Birthdays are days to celebrate yourself. As I look back to the many birthdays I’ve seen I realize that the ‘friends’ you celebrated your birthday with – with so much fanfare -- in the past, have gone out of your life now. It’s as though they never existed!
Remember the meticulous planning, the extravagant menu (always Goan) sourced from connoisseurs of taste, and the breathless guest list which was listed out weeks before the birthday? Yes, the terrace parties at my barsati in Delhi were much looked forward to. There, over chicken xacuti, pulao, - sometimes sorpotel – and definitely bebinca, with generous swigs of spirits we sat under the autumn breezes and beguiled the night.
Cut to Goa. Though I had thought up a guest list, people were too busy to make it for a Sunday lunch. Some were working, others preferred to attend a lunch on the same day hosted by a friend of mine. One round of invitations on the phone a week in advance came to naught – as some ‘friends’ did not even pick up the phone, or return the call. Days before the actual day I sent SMSs to all the friends again – I had to tell the caterer, didn’t I?’ -- but this time not without a sinking feeling. Only one confirmed.
I decided to junk the party. Maybe I was looking in the wrong place for happiness. Happiness was right here, right beside me, in my home with my family. The loving glances in the run-up to my birthday made me feel very special.
Lunch on Sunday, had only the family. Three generations partook of the delicious fare cooked by Queenie – mutton xacuti, chicken cafreal, fish pie, pulao and salad. Dessert was ice cream with chocolate sauce. On my birthday the next day I did not sit at home basking in self-glory. I went to work and felt very satisfied I was doing my duty.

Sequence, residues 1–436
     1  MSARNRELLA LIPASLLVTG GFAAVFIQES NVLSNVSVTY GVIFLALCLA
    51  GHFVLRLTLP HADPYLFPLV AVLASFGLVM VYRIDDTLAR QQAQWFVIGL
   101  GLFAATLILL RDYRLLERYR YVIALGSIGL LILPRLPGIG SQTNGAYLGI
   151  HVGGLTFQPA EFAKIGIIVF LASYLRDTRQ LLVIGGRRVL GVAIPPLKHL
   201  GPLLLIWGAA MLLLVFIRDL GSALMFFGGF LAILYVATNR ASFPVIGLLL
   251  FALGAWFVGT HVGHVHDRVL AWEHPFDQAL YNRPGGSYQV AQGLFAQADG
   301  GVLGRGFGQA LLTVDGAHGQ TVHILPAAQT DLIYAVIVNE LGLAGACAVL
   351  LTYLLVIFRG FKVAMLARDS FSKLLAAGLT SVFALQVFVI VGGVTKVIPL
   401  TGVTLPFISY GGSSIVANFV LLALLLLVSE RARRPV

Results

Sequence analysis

Driving on the way back from the Goa University on my birthday -- a weekday -- after attending sessions which stretched from 10—5, I realized I had not received any cards. So I popped around to Archies and bought myself one. When I reached home a birthday cake was waiting. Dad gave me a beautiful card which read, ‘You learned to sing your own / song, you learned / to tell your own story and found / in your hopes and / dreams, your own special purpose.’
My take-away from this birthday was a tiny T-shirt which had the words ‘I Make the Sun Shine’ emblazoned on a scarlet red background over a tantric design. We are called to make the sun shine in the lives of others. I hung it in my car. This would be my purpose now. The culture of solipsism and excess must give way to reaching out to others, less privileged, who have more need for our love.
-------------------------------------------------------Barsati – a room on the terrace usually rented out as accommodation in Delhi; Pix. source: archiesonline(dot)com; this article was published in Gomantak Times Weekender Goa on 20 October 2013.